Questions arise around the sculpture outside the Salmon Arm Post Office – Salmon Arm Observer

Wendy Browne remembers seeing a work of art being born at the Salmon Arm Post Office, but still wonders what it means.

Canada Post opened its “new” Salmon Arm branch at 370 Hudson Avenue in 1974. A sculpture placed on a concrete wall to the right of the building greeted visitors. The work spans eight panels horizontally, each consisting of what appear to be two separate panels.

The sculpture remains, although there is no plaque identifying the artist or the artwork.

Browne, a local multimedia artist, recalls the installation process, which took several days. Wood was used to conceal the work during its installation, further piqueting the curiosity of the public.

“Everyone was wondering what was going on in our little town,” Browne said, in response to a Downtown Salmon Arm post about the artwork shared on Instagram. “The result was STUNNING, although somewhat controversial given the colors of the cement and the design. What is it and what does it MEAN!! The mystery continues.

Of the artist of the sculpture, Browne said “a lovely lady did that”, although she cannot remember her name.

The artwork has caught the attention of Downtown Salmon Arm (DSA), who are trying to find answers to the unfolding mystery.

Althea Mongerson of the DSA said there does not appear to be a record identifying the name of the sculpture (if it has a name) or who created it.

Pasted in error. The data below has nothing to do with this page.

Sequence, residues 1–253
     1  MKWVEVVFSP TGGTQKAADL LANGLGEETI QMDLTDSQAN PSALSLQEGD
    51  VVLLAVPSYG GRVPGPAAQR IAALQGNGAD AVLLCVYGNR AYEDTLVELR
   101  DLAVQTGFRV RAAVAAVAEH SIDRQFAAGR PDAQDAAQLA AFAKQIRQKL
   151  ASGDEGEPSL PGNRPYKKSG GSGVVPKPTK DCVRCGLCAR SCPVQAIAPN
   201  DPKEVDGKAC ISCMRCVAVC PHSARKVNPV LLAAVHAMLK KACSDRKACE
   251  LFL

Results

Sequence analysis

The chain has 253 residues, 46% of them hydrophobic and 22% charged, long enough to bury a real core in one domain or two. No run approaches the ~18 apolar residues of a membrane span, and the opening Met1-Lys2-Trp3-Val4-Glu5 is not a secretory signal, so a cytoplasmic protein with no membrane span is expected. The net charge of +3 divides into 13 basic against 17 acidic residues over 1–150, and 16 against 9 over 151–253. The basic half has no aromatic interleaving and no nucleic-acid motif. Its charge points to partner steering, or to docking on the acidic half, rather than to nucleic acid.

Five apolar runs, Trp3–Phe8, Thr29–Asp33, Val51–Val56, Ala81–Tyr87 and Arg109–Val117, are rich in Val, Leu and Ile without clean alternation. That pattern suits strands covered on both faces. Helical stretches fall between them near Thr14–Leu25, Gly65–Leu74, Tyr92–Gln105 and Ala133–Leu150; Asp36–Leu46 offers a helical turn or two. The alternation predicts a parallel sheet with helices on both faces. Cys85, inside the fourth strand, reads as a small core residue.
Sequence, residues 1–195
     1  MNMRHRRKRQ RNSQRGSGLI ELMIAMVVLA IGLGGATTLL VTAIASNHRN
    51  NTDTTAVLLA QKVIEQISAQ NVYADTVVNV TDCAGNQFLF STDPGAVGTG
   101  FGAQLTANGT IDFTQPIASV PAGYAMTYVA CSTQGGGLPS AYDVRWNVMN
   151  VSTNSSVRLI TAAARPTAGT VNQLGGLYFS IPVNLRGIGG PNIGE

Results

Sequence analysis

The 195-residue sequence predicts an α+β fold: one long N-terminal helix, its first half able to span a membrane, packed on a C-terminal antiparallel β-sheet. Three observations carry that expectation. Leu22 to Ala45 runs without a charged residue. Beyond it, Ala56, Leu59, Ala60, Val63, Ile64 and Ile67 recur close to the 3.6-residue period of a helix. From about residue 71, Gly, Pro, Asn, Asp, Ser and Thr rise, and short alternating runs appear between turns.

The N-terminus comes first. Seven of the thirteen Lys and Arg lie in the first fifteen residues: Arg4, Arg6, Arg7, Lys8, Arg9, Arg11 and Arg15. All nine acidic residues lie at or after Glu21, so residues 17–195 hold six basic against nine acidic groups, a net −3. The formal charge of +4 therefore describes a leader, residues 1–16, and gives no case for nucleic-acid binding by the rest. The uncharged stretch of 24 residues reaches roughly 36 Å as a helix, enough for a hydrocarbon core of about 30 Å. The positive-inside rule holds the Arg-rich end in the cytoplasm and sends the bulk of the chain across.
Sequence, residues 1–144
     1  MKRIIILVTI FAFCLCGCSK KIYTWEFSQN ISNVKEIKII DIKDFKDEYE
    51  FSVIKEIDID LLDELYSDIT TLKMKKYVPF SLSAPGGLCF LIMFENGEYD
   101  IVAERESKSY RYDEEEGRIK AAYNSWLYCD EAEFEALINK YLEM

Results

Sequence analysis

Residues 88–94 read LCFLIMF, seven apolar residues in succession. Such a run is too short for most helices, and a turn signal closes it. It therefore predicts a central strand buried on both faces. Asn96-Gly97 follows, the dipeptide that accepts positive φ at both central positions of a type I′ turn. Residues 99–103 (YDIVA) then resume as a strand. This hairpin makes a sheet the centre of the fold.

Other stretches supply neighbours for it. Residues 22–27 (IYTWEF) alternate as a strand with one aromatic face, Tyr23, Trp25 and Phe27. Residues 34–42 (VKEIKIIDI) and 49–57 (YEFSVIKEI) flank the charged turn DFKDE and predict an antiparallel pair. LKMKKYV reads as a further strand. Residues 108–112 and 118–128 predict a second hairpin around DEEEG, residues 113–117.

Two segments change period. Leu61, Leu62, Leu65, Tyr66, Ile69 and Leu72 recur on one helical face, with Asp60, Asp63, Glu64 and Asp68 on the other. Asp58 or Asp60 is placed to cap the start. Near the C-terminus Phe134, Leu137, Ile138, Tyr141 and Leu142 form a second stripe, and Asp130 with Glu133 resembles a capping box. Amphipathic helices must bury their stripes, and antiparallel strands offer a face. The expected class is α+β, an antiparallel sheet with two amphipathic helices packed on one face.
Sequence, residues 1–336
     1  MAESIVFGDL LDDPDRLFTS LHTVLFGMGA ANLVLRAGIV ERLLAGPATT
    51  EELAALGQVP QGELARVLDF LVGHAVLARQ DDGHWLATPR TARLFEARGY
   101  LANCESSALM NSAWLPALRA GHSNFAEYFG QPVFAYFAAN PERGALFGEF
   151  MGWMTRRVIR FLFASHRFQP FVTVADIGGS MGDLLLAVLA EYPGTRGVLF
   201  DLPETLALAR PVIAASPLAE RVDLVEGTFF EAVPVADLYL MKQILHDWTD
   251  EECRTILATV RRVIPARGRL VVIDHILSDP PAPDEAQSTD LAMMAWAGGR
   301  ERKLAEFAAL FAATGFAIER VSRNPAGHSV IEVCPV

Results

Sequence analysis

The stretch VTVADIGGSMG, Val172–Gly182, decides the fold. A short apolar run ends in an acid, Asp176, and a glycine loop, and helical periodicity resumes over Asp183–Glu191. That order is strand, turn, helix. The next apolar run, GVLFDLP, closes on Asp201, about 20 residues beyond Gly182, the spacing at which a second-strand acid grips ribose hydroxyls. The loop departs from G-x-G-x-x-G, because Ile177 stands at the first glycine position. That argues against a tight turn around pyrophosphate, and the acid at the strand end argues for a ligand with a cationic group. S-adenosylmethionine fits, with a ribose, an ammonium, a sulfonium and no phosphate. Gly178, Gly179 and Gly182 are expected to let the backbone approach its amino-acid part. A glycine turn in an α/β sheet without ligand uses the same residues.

“The DSA is interested in learning more so we can include it in our Downtown Art walking loop,” Mongerson said. “It has come to our attention that we missed it last year and it seems a lot of people are curious about it.”

Mongerson said the post office was contacted to see if they had any documentation of the artwork, but they didn’t.

“I wonder if it was a private commission or if it was funded by a government grant?” Mongerson asked.

Deborah Chapman, curator at the Salmon Arm Museum at the RJ Haney Heritage Village and Museum, found photos of the post office opening in the January 16, 1974 edition of the Salmon Arm Observer, but nothing specific to the artwork. In the newspaper, a photo of the exterior of the building includes the following: “The new federal building in Salmon Arm is expected to open in a few days. The top photo shows the facility which includes the post office, labor, health and social services, the latter two on the lower level.

Downtown Salmon Arm asks anyone with information about the sculpture to call 250-832-5440 or email [email protected]

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